Application of Haddon’s Matrix in the Exploration of Factors Related to Exertional Heat Illness in Disaster Responders in the U.S. National Guard
Exertional heat illness (EHI) presents significant risks for National Guard (NG) disaster response teams, especially when they are performing operations in impermeable personal protective equipment (PPE). Impermeable PPE does not allow passage of air or fluids either from the outside or inside of the equipment. While EHI prevention and management strategies are well documented, these strategies do not account for the additional heat-related risks NG teams confront when responding to disasters requiring PPE that protects against any hazards. NG personnel who wear the full gamut of impermeable PPE (including Tyvek coveralls and respirators) experience core body temperature increase as a result of built-up body heat or accumulated perspiration.
We conducted a qualitative descriptive study using thematic analysis with three focus groups to identify EHI-related factors during disaster response operations that require PPE. We organized focus group data into phases of disaster response operation: pre-event, event, and post-event to reflect four conceptual groups: human (host), agent (energy transfer), environmental, and workplace/social conditions. Participants identified 12 themes covering the 3 phases and situated in the 4 conceptual groups. Results of this study serve as an evidence-based foundation for enhancing pre-event, event, and post-event assessments administered by NG medical personnel and can be applied to other professionals who are required to wear PPE.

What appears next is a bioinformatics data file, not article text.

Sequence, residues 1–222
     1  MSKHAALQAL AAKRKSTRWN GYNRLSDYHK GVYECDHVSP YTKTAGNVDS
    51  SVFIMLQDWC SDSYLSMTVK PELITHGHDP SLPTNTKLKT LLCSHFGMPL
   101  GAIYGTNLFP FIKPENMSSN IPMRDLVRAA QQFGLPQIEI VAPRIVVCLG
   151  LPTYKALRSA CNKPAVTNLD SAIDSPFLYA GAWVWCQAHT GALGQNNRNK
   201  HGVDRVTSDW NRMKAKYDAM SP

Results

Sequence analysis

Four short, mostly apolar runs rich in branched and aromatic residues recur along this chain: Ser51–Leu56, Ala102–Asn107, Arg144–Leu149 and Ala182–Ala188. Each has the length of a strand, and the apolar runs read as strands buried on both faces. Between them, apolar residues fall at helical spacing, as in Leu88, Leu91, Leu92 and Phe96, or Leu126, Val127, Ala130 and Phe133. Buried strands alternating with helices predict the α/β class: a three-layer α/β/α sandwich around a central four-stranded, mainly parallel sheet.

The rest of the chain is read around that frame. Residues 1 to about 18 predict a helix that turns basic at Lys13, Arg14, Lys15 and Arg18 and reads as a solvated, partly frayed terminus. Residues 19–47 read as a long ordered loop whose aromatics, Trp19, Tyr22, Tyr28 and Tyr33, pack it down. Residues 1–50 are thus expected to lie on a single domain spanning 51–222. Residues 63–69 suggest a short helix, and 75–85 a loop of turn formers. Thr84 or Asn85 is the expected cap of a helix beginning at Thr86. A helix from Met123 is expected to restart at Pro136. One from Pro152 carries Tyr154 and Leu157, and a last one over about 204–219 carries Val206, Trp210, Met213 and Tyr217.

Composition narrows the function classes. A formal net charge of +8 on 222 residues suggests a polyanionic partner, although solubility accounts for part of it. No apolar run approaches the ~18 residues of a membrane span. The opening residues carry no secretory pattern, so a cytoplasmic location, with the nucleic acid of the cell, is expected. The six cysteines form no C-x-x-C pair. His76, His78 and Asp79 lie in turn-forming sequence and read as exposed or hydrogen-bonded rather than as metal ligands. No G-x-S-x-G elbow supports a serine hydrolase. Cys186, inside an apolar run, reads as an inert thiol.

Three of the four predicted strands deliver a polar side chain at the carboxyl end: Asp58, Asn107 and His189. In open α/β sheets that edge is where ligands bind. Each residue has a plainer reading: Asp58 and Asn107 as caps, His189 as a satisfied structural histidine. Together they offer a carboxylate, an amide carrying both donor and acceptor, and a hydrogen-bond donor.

- Denise A. Smart, MPH, DrPH, RN, Washington State University, College of Nursing
- Gail Oneal, PhD, RN, Washington State University, College of Nursing
- Mary Lee Roberts, PhD, RN, Washington State University, College of Nursing
- Janessa M. Graves, MPH, PhD, Washington State University, College of Nursing
- Lindsey Eberman, MS, PhD, Indiana State University, College of Health & Human Services
- Tamara Odom-Maryon, PhD, Washington State University, College of Nursing
- Stephanie Rowan, MSN, RN, University of Texas Health Science Center
- Cory Edwards, MHPA, Washington State University, College of Nursing
- Dawn DePriest, MSHS, DNP, FNP-C, ARNP, RN-BC, Washington State University, College of Nursing
Page #: 8-17
Publication Month: April 2022